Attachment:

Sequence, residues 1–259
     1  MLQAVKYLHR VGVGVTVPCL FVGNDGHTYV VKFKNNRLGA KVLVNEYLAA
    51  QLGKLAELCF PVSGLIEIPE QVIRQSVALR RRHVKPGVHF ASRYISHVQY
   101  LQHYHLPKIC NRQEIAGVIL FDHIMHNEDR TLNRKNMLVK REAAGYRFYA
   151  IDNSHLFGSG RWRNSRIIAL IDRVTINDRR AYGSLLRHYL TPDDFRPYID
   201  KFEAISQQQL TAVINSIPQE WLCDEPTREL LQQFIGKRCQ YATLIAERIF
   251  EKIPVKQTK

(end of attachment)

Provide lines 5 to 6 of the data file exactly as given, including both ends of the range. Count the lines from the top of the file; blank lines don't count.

   151  IDNSHLFGSG RWRNSRIIAL IDRVTINDRR AYGSLLRHYL TPDDFRPYID
   201  KFEAISQQQL TAVINSIPQE WLCDEPTREL LQQFIGKRCQ YATLIAERIF